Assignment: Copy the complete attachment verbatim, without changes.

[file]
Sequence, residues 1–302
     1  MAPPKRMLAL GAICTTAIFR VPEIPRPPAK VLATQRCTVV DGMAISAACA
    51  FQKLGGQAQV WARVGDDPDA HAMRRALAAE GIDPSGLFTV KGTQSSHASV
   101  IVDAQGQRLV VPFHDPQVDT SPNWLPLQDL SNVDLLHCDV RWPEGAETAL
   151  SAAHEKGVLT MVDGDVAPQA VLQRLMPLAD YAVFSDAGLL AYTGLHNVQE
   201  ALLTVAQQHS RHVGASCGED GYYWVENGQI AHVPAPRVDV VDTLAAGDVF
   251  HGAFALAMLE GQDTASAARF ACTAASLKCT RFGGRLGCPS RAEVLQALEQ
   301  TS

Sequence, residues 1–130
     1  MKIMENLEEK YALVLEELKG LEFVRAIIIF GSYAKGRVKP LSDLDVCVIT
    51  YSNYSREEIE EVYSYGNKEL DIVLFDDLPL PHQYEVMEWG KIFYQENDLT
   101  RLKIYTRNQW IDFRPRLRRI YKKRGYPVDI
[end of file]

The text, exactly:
Sequence, residues 1–302
     1  MAPPKRMLAL GAICTTAIFR VPEIPRPPAK VLATQRCTVV DGMAISAACA
    51  FQKLGGQAQV WARVGDDPDA HAMRRALAAE GIDPSGLFTV KGTQSSHASV
   101  IVDAQGQRLV VPFHDPQVDT SPNWLPLQDL SNVDLLHCDV RWPEGAETAL
   151  SAAHEKGVLT MVDGDVAPQA VLQRLMPLAD YAVFSDAGLL AYTGLHNVQE
   201  ALLTVAQQHS RHVGASCGED GYYWVENGQI AHVPAPRVDV VDTLAAGDVF
   251  HGAFALAMLE GQDTASAARF ACTAASLKCT RFGGRLGCPS RAEVLQALEQ
   301  TS

Sequence, residues 1–130
     1  MKIMENLEEK YALVLEELKG LEFVRAIIIF GSYAKGRVKP LSDLDVCVIT
    51  YSNYSREEIE EVYSYGNKEL DIVLFDDLPL PHQYEVMEWG KIFYQENDLT
   101  RLKIYTRNQW IDFRPRLRRI YKKRGYPVDI